Current pension outlook – October 2017
In this current outlook we discuss (1) reports that House Republicans are considering “Rothification” of 401(k) contributions over $2,400, (2) the possibility of a solution to regulatory obstacles to Open MEPs based on President Trump’s Healthcare Executive Order, (3) legislation approved by the House Financial Services Committee repealing the Department of Labor’s fiduciary rule, (4) the ERISA Industry Committee’s suit against the state of Oregon claiming that Oregon’s state retirement program is in some respects preempted by ERISA and (5) President Trump’s naming of a new head of the Department of Labor Employee Benefit Security Administration.
Republicans considering Rothification after first $2,400 of 401(k) contributions
There are widespread reports that, as part of its tax reform effort, the Republican leadership (at least in the House) is considering a requirement that salary deferrals into a 401(k) plan in excess of $2,400 will be deemed as “Roth” contributions (i.e., on a post-tax basis). We discuss the implications of Rothification for retirement plans, plan participants, plan sponsors and the capital markets in our article Roth only?
There has been immediate pushback from the financial services community, which is likely to be hardest hit by the proposal, under which part of the money that would otherwise contributed to a 401(k) plan and invested would instead be immediately withheld and transferred to the U.S. Treasury. Sponsors have also expressed concern about participant dissatisfaction with the elimination of the ability to make pre-tax 401(k) contributions.
Democrats are pushing back against the proposal, with Senate Minority Leader Schumer saying:
Republicans are so determined to cut taxes on the wealthy that they’re willing to tax the retirement accounts of millions of middle class Americans. The GOP’s total devotion to millionaires and billionaires comes at the expense of every family using a 401k to save for a decent retirement.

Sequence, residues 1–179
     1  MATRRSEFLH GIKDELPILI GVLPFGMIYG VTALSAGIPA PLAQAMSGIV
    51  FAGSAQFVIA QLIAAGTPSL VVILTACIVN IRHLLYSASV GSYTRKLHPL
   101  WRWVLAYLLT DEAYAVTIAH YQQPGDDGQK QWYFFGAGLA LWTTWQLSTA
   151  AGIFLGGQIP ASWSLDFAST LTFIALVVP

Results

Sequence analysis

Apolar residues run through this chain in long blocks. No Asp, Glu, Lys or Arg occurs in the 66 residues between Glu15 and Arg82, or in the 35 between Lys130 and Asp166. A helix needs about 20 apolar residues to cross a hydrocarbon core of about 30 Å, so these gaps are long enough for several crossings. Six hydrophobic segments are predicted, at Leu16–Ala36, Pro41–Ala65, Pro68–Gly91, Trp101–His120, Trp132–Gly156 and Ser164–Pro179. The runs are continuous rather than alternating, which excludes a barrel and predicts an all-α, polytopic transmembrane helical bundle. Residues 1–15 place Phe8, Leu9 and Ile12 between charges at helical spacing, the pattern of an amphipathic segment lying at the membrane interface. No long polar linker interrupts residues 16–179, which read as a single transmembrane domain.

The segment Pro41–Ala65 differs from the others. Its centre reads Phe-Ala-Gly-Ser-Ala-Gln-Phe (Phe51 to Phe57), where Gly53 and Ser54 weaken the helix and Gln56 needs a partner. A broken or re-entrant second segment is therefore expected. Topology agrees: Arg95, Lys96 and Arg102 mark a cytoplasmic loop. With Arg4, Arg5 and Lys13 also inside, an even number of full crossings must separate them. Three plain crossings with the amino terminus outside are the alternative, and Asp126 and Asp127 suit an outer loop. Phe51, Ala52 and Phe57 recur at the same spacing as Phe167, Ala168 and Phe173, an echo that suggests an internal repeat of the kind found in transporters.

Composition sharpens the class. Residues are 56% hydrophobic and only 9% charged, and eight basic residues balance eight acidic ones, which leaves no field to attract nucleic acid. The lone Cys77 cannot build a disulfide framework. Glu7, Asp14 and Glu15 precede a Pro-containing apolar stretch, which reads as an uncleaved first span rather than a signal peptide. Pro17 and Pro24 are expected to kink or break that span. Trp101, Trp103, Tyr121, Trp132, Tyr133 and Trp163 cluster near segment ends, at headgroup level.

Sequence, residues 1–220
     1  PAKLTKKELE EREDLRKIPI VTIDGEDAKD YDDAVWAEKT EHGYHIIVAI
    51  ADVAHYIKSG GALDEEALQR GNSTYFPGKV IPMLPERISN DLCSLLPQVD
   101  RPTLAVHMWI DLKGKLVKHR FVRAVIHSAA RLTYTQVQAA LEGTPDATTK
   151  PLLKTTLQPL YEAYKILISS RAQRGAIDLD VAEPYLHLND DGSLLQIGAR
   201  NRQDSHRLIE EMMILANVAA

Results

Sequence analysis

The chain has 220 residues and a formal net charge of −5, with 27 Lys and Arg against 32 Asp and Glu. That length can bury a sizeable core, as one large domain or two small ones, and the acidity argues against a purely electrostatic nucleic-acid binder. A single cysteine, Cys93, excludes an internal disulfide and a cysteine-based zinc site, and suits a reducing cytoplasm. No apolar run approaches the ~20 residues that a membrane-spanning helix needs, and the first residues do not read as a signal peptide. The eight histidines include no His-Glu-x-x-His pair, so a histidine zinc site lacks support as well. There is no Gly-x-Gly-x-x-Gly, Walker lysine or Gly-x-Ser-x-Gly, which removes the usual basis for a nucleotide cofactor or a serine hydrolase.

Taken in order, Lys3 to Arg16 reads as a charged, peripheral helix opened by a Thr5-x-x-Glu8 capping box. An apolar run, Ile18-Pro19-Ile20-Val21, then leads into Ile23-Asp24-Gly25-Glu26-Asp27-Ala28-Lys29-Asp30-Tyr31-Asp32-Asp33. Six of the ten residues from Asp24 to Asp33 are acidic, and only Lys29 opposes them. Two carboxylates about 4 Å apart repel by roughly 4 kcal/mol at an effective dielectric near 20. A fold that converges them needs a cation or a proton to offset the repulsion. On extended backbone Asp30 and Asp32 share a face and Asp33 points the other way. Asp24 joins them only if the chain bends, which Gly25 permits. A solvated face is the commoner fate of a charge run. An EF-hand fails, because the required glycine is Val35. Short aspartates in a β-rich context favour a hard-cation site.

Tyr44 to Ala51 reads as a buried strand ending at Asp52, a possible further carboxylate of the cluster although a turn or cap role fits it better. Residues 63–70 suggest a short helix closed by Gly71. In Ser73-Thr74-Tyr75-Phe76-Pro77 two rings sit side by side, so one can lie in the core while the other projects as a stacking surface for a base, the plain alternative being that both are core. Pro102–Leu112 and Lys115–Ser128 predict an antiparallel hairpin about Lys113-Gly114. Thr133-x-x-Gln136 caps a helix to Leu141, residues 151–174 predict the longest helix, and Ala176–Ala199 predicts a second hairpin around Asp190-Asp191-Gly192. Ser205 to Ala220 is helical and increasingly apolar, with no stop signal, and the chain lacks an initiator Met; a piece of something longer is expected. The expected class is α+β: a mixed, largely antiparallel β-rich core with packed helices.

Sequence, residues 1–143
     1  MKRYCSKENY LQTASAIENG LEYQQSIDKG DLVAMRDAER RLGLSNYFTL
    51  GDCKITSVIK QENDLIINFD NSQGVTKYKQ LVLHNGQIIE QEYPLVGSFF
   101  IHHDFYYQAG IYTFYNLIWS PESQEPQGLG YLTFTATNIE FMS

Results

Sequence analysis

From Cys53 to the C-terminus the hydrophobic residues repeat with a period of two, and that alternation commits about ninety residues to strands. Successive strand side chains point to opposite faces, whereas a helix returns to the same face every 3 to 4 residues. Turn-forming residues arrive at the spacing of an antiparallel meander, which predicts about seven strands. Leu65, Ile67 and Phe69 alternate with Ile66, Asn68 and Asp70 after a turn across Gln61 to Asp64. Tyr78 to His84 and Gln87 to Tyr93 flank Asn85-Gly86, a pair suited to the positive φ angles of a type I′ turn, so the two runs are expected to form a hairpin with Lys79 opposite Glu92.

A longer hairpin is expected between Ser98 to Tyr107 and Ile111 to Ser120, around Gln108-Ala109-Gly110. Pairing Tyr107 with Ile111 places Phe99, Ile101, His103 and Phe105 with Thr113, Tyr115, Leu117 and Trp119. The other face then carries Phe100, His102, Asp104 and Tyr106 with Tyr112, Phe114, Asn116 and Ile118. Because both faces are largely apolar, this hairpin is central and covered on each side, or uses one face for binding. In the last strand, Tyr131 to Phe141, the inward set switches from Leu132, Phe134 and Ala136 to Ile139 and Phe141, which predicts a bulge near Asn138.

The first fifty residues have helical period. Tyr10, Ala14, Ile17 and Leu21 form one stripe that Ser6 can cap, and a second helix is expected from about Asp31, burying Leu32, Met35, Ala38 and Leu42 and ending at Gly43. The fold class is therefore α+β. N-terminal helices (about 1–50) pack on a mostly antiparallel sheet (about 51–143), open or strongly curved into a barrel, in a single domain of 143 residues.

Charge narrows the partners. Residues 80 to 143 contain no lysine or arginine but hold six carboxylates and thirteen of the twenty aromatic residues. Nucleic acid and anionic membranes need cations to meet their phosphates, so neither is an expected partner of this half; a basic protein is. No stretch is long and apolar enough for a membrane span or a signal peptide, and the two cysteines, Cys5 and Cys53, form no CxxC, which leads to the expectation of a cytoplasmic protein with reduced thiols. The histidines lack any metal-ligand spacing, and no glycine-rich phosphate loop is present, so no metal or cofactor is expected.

There may also be opposition from Senate Republicans – the Wall Street Journal quoted Senator Portman (R-OH) as saying “I’m deeply concerned about it [the Rothification proposal] …. I don’t think you want to disincentivize retirement savings in any way right now.”
Reports are, however, that “full” Rothification would raise somewhere between $550 and $680 billion over 10 years. And, given the pressure on Republicans to restore deductibility of state and local taxes to their tax reform proposal, revenue to offset losses from reductions in corporate and individual income tax rates will have to come from somewhere.
However, earlier today, President Trump tweeted: “There will be NO change to your 401(k). This has always been a great and popular middle class tax break that works, and it stays!”
The political fight over this issue will continue.
Healthcare Executive Order – implications for Open MEPs?
Some view multiple employer plans (MEPs) – non-union plans for employees of unrelated employers – as a way to provide lower cost plan administration and investment services, particularly to small employers. There are, currently, two obstacles to the widespread use of MEPs: IRS’s “one bad apple” rule, which generally provides that a qualification violation that applies to only one employer may disqualify the entire plan. And the Department of Labor’s position that “a group of employers can collectively act as the ‘employer’ in sponsoring a multiple employer plan only if the employers group was formed for purposes other than the provision of benefits, the employers have a basic level of commonality (such as the participating employers all being in the same industry), and the employers participating in the plan in fact act as the ‘employer’ by controlling the plan).” (Quoting DOL’s 2016 Interpretive Bulletin Relating to State Savings Programs, emphasis added.)
Advocates of a “MEP solution” to the problem of providing lower-cost retirement plan services to smaller employers/participants have urged a relaxation of, among other things, the DOL rule, thereby allowing what are called “Open MEPs” – multiple employer plans for employers with little or no “basic level of commonality.”
A similar commonality requirement applies with respect to multiple employer welfare plans, including “Association Health Plans” (aka AHPs).
President Trump, in his October 12, 2017, “Executive Order Promoting Healthcare Choice and Competition Across the United States,” instructed the Secretary of Labor, within 60 days, to:
[C]onsider proposing regulations or revising guidance, consistent with law, to expand access to health coverage by allowing more employers to form AHPs. To the extent permitted by law and supported by sound policy, the Secretary should consider expanding the conditions that satisfy the commonality-of-interest requirements under current Department of Labor advisory opinions interpreting the definition of an “employer” under section 3(5) of the Employee Retirement Income Security Act of 1974. (Emphasis added.)